We will assume standard atmospheric pressure (1013.25mb), as well as standard carbon dioxide content (~0.033% or 330 ppm) of Earth's atmosphere. First we'll look at varying temperatures at a constant humidity, then at varying humidity, at a constant temperature and their relationships to the rate at which sound travels.

If air temperature is 10ºC and relative humidity is at 90%, the speed of sound would be about 338.05 m/sec. At 20ºC and relative humidity of 90%, the speed of sound would be about 344.5 m/sec. At 30ºC and relative humidity of 90%, the speed of sound would be about 351.25 m/sec. Note that the speed of sound increases with increasing temperature of the medium through which it travels! The speed of sound in a gas (air) is proportional to the Maxwell-Boltzmann velocity distribution function; therefore it varies as the square root of the temperature of the gas (its medium). Sound travels faster in warmer air because the molecular velocity is greater. The higher the temperature is, the greater the force with which molecules will strike, and will therefore increase the pressure that the gas (air) exerts outward.

If relative humidity is 25% and air temperature is 25ºC, the speed of sound would be about 346.71 m/sec. If relative humidity is 50% and air temperature is 25ºC, the speed of sound would be about 347.13 m/sec. If relative humidity is 100% and air temperature is 25ºC, the speed of sound would be about 347.99 m/sec. Not that the speed of sound increases slightly with increasing humidity since water molecules are actually increasing the density of the air.

Let's say the average thunderstorm is witnessed in conditions where the relative humidity is about 90%, and air temperature is about 25ºC, then the speed at which the sound of thunder will travel should be about 347.82 m/sec. There are 1609.344 meters in 1 mile, therefore it takes sound about 4 1/2 seconds to travel 1 mile. So you can guestimate the distance of a lightning strike by counting the seconds it takes for the sound of its thunder to reach your ears. When you get to "4 Mississippi..." you've just figured about a mile! So the next time you count to 4, don't feel comfortable that the lightning is 4 miles away! It's actually only a mile, and as far as I'm concerned, if you can see it, it can strike you!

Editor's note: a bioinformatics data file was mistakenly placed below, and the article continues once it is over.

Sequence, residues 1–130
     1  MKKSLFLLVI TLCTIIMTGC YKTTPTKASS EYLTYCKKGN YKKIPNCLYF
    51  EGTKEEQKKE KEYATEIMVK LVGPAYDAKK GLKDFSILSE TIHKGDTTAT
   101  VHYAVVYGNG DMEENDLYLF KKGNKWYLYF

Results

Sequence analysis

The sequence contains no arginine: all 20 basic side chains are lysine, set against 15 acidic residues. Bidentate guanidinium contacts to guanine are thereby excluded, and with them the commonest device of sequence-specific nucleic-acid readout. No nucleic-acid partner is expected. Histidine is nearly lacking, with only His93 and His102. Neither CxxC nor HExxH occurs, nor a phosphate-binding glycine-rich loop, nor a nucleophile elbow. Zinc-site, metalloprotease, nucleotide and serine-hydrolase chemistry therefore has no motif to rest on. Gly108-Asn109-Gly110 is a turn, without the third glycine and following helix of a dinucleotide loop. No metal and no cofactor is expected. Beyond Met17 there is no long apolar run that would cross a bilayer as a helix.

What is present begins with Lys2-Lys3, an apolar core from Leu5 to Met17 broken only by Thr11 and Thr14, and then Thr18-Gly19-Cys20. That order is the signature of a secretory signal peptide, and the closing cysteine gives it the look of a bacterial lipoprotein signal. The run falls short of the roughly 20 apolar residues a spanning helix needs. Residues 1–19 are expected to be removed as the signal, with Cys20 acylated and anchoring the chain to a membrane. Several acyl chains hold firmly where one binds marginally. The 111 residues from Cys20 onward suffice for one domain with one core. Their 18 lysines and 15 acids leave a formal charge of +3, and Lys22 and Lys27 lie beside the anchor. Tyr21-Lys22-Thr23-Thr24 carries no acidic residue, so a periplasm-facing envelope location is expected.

Below is a chart I made using an equation set up for calculating the speed of sound at various temperatures and humidity through air in the troposphere near Earth's surface. (left column is humidity (%), and across the top is temperatures (ºC). Speed of sound is given in meters/second...

 5ºC 10ºC 15ºC 20ºC 25ºC 30ºC 10% 334.52 337.53 340.52 343.49 346.45 349.39 20% 334.57 337.60 340.61 343.62 346.62 349.62 30% 334.61 337.66 340.70 343.74 346.79 349.85 40% 334.66 337.72 340.79 343.87 346.96 350.09 50% 334.70 337.79 340.88 343.99 347.13 350.32 60% 334.75 337.85 340.97 344.12 347.31 350.55 70% 334.79 337.92 341.06 344.25 347.48 350.78 80% 334.84 337.98 341.15 344.37 347.65 351.01 90% 334.88 338.05 341.24 344.50 347.82 351.25 100% 334.93 338.11 341.34 344.62 347.99 351.48

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<>Do you have a question to pose? Send it to me at pierce.wx@gmail.com and you may see your question answered here!

These are personal homepages created and maintained solely by the individual authors (in this case, Steve W. Woodruff), not by eitherthe Los Angeles Community College District("District") or Los Angeles Pierce College("College").Viewpoints/opinions/representations containedin these homepages do not necessarily reflectthe viewpoints/opinions/representations ofeither the District, the College, its Board ofTrustees, officers and/or employees. Neitherthe District nor College endorses or monitorsthe content of these homepages. While theCollege does caution authors regarding theirresponsibility to abide by applicable laws andpolicies, these pages do not constituteofficial College business, and neither the LosAngeles Community College District nor LosAngeles Pierce College accepts responsibilityfor the contents of these homepages. Allcomments regarding the contents of personalhomepages should be directed to the pageauthor.

#### STATION COORDINATES

34º 10' 55.12" North Latitude
118º 34' 28.11" West Longitude
790' (240.8 m) Above Mean Sea Level
Modified Köppen Classification Climate Type: Csa
Station established July 01, 1949
Website established July 01, 1999

#### STATION NEWS

» Solar Irradiance, Wind Vector & Air Pressure 10-minute data records have been uploaded and are now available to everyone! Follow the links to the left! 11-18-2010.

» NOAA Global Monitoring Exhibit Opened For Tours ...read more